Ildikó Sirató (Hungarian National Széchényi Library, Budapest / University of Pannonia, Veszprém): Understanding without Borders: Central-European Features of Estonian and Contemporary Finnish Plays
I consider different angles and questions posed by some contemporary Estonian and even Finnish (!) dramatic texts, which were surprisingly easily to understand for other cultures, and could also be perceived by them. And not only in their own local region, but in geographical Central Europe, too.
The paper conducts an experiment to find the main causes of this type of entanglement between the three very different literary and theatrical cultures of Estonia, Finland and Hungary. There are some historical parallels, but clearly there are more differences, and there is a range of contemporary plays to consider, to say nothing of bilateral or trilateral theatrical joint productions, too. Examples could be taken from play Goodbye Vienna by Undusk and from Eesti matus by Kivirähk, or from the Suomen hevonen-trilogy by Peltola, or even the Kokkola-tetralogy by Klemola, and of course from some Hungarian equivalents like Parti Nagy: Ibusár, Egressy: Portugál, or others.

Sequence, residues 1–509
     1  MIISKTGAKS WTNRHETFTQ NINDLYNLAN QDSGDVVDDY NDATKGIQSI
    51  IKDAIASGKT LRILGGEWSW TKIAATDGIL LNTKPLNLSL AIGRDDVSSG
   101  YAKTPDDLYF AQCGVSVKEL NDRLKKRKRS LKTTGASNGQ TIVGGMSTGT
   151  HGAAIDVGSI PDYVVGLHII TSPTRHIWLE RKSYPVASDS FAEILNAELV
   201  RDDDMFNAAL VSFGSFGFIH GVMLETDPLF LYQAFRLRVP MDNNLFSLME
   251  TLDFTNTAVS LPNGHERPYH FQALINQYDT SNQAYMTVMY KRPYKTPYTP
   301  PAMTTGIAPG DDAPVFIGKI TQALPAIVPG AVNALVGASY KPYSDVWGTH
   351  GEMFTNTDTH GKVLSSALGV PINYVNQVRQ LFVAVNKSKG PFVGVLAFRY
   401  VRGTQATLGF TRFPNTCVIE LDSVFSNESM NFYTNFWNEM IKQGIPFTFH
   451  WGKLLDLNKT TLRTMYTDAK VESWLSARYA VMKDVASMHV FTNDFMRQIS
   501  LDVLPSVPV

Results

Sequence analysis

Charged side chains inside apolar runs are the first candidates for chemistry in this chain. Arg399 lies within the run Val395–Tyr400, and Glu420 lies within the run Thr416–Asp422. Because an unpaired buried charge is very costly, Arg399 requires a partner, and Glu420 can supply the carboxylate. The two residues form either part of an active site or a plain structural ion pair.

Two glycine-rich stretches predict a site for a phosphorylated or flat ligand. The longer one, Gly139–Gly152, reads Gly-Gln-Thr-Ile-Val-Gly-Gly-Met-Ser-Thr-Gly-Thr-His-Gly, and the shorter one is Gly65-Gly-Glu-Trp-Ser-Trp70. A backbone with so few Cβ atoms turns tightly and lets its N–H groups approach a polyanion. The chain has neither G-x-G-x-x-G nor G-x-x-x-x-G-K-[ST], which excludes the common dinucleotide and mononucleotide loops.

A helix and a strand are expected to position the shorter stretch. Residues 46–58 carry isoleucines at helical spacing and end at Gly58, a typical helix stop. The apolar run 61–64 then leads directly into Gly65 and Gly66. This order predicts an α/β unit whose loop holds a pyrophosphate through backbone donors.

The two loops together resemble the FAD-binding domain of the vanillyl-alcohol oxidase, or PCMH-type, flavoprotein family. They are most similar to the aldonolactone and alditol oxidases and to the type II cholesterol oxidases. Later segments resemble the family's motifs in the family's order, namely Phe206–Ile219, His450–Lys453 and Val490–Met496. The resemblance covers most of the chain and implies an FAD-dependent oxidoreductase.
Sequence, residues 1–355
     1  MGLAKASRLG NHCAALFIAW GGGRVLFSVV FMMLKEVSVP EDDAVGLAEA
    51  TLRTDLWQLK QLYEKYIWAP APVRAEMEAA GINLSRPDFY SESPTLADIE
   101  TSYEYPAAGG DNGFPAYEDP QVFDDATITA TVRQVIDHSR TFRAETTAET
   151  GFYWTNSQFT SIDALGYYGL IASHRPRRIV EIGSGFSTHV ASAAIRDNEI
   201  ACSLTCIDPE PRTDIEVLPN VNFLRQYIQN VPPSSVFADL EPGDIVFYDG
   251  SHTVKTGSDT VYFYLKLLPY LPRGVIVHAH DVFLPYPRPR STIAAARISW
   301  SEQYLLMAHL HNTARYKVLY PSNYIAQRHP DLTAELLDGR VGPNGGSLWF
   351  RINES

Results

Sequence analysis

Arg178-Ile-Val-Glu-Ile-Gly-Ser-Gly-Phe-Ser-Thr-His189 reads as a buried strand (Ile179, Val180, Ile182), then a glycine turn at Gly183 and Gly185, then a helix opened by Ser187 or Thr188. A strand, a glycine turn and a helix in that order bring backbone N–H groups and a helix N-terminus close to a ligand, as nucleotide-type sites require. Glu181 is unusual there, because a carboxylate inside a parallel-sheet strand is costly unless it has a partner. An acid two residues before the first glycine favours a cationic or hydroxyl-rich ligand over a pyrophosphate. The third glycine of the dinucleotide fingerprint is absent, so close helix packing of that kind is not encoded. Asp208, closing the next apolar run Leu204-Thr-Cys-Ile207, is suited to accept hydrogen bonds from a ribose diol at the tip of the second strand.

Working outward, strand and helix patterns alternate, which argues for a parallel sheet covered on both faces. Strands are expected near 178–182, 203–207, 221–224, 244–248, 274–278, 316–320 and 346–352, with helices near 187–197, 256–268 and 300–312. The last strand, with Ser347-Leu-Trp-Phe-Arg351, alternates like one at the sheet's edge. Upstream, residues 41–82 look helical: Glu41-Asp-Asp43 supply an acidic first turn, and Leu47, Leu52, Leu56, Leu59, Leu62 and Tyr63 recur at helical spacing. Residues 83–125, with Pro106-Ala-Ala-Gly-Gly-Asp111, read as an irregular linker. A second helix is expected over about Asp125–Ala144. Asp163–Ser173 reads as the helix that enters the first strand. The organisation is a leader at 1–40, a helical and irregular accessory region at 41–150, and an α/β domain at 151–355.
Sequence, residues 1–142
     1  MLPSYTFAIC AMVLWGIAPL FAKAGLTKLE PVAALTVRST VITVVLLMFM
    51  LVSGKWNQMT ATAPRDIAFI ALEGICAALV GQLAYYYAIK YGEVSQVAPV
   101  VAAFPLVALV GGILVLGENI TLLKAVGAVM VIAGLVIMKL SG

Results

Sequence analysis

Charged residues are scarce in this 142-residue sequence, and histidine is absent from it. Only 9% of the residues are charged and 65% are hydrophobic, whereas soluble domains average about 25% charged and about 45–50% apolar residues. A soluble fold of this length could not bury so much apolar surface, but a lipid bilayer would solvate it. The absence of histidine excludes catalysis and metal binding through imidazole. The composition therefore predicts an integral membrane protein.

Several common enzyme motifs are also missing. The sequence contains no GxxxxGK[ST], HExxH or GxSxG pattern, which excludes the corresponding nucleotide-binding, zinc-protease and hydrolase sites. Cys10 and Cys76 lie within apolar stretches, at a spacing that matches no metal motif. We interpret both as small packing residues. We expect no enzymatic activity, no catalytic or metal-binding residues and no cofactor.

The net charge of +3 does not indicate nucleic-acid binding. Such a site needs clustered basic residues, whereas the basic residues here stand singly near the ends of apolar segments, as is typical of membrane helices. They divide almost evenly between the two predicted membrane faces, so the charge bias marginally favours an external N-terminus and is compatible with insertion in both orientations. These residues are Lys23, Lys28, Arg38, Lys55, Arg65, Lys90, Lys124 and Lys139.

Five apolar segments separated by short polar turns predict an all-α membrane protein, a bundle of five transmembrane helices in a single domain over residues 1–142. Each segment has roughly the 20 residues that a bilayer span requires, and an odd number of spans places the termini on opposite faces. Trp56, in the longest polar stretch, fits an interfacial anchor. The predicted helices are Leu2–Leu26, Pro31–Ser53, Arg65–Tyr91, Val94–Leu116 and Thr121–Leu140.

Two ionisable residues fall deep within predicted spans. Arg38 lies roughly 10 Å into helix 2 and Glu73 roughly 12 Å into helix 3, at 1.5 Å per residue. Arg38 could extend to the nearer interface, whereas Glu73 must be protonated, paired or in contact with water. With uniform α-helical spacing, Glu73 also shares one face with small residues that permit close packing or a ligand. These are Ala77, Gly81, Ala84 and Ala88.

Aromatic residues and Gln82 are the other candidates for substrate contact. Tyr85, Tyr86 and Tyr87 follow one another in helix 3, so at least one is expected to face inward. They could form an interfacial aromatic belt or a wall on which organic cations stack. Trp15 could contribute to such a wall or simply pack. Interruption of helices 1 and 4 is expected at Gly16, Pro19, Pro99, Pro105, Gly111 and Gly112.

The conclusions could possibly lead us towards an understanding of some Central-European features in Baltic cultures, where there are German influences from the late 1700s that last at least until 1939, and equally the unifying effect of the newest European cultural area, which is supported by accessible transport and the transfer of stylistic models through forums of mass communication or literary and theatrical festivities and international events. We could consider this a new era of multicultural, though usually non-verbal, communication between former “national” cultures and the possible birth of a new type of European, or Central-European, entangled culture.